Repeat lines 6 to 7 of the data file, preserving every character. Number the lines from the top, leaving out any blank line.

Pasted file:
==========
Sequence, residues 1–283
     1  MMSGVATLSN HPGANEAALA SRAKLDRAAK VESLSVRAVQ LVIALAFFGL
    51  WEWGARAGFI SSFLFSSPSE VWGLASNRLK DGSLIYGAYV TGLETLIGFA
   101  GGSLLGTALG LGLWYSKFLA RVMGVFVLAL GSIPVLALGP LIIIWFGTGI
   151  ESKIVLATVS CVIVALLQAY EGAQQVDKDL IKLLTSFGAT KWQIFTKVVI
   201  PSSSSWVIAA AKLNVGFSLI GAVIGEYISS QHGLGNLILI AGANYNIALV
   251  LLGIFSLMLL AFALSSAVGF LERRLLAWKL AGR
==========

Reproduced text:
   201  PSSSSWVIAA AKLNVGFSLI GAVIGEYISS QHGLGNLILI AGANYNIALV
   251  LLGIFSLMLL AFALSSAVGF LERRLLAWKL AGR